Like a majority of Massachusetts voters, I supported Question 3 in November. The ballot initiative, which passed by an incredible 2 to 1 margin, legalized medical marijuana in Massachusetts.
State government has found ways to frustrate the wishes of voters before; consider, for example, the Legislature’s handling of the Clean Elections law passed by voters in 1998 only to go unfunded and effectively stymied until lawmakers repealed it outright in 2003. So supporters of Question 3 should probably be thankful that state officials have moved fairly quickly to get a process in place to license up to 35 medical marijuana dispensaries. But as someone who supported the legalization of medical marijuana as well as the successful effort here in 2008 to decriminalize possession of less than an ounce of pot, some of what we’re now learning about the state’s implementation process has me shaking my head.
First, the cost of applying for and holding a license to distribute marijuana appears to be both a likely barrier to a majority of residents and a bit of a money grab by state government. Perhaps more vexing are some of the names cropping up in the applications.
Among the applicants from Western Massachusetts-based non-profit organizations seeking licenses are at least two former state senators. Andrea Nuciforo, a Democrat from Pittsfield who ran unsuccessfully last year for congress after 10 years in the Legislature and six as Register of Deeds in Berkshire County, is part of a group hoping to open a dispensary in Amherst. Former Senate Minority Leader Brian Lees of East Longmeadow, a Republican who became Hampden County Clerk of Courts after leaving the Legislature in 2007, is part of a group in Springfield seeking a license. Lees’ group includes Heriberto Flores, president of the New England Farm Workers Council, and Mary Frey, wife of former Hampden County District Attorney William Bennett. Bennett, who actively opposed marijuana decriminalization in 2008, has acted as legal counsel for the Lees/Flores/Frey group, according to state records.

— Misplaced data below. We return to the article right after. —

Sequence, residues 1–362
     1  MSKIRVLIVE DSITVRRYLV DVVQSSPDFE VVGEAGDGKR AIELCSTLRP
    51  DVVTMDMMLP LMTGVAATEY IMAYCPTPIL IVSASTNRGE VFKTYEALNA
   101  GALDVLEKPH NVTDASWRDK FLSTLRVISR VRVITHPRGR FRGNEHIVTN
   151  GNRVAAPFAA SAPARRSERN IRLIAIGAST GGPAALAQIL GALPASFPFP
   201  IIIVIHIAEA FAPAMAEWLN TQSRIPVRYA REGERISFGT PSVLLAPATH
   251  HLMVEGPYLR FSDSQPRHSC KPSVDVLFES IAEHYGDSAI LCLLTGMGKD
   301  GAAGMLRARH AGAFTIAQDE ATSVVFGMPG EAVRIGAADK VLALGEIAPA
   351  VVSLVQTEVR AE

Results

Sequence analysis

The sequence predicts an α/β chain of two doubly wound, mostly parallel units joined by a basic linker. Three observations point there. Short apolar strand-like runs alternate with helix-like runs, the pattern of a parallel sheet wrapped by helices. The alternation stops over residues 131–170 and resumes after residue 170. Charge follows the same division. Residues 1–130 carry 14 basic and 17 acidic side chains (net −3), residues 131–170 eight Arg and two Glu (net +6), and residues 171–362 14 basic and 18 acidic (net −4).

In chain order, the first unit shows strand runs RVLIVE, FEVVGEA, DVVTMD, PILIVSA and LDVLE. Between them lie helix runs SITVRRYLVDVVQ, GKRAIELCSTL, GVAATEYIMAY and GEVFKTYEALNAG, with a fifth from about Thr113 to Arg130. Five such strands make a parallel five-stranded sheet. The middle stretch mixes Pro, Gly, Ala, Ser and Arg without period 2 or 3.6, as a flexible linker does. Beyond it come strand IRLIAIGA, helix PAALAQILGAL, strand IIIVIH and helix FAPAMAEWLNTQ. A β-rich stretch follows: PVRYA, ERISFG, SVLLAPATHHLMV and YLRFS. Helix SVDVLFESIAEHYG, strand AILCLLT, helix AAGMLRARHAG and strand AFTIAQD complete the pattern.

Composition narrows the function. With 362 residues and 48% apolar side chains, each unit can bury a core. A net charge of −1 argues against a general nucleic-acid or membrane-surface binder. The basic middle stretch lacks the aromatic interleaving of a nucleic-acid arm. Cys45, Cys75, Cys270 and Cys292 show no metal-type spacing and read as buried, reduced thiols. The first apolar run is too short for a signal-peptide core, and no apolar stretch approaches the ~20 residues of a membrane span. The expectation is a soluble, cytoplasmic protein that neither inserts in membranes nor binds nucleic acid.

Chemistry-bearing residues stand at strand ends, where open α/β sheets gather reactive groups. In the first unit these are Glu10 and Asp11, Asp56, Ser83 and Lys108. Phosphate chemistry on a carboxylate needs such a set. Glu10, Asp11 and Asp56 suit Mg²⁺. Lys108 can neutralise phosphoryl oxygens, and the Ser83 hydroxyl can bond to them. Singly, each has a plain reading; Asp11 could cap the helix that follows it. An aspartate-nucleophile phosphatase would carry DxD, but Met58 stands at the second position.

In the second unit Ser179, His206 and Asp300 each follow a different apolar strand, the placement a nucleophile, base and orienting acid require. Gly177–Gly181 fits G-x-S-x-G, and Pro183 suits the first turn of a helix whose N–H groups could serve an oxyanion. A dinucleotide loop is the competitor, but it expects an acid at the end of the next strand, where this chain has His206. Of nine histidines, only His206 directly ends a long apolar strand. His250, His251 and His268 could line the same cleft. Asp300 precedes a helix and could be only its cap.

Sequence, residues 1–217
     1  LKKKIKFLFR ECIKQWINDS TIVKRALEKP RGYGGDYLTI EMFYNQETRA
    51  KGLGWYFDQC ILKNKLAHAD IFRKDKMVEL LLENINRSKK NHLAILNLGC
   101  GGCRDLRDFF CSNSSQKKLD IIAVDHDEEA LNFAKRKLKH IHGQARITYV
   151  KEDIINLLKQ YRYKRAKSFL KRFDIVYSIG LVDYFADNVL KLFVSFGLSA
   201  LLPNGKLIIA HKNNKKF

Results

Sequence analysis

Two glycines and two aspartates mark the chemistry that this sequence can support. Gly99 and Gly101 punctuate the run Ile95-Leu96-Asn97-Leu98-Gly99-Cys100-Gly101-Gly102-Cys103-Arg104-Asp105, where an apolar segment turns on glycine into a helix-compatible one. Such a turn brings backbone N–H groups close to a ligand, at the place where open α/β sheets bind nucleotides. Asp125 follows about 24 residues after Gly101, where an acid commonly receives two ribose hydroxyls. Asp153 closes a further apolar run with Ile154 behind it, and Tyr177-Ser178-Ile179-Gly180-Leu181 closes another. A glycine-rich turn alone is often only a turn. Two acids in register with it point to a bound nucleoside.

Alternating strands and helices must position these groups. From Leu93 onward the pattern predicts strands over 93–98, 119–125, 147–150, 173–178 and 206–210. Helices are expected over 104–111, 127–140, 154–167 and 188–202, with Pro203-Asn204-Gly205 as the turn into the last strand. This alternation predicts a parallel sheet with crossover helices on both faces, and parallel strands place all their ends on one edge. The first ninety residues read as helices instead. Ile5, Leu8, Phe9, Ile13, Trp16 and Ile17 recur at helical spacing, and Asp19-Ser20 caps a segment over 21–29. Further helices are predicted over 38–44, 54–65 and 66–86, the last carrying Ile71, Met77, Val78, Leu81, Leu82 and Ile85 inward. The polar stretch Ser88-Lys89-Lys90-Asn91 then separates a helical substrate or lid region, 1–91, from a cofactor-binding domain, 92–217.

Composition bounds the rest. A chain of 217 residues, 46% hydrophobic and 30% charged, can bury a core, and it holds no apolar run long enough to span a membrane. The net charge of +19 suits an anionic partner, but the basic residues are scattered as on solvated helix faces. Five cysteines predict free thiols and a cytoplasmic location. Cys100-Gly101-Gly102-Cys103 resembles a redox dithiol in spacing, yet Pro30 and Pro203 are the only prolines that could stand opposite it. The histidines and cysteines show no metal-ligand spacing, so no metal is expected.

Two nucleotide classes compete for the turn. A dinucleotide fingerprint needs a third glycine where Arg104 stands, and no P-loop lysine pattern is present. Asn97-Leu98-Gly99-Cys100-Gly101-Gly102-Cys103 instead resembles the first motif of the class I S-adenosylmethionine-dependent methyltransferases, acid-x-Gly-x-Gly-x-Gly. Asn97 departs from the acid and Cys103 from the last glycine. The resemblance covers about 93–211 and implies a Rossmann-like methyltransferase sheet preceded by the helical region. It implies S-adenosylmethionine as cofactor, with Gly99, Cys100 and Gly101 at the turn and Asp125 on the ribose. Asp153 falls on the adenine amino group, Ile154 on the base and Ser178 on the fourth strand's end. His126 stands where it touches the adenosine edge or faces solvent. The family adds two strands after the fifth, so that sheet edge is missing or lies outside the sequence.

Last week, the state Department of Public Health received more than 100 applications to operate dispensaries, beginning the first of a two-phase vetting process. In this first round, DPH required applicants to pay a $1,500 non-refundable fee and show that they have at least $500,000 in available capital. For round two, the non-refundable fee to applicants will be $30,000. Once granted a license, a dispensary will have to pay an annual $50,000 fee.
Question 3 was about providing sick people access to medical marijuana, not creating another pension program for retired pols or limiting the opportunity to run a dispensary to only the well-heeled and well-connected.•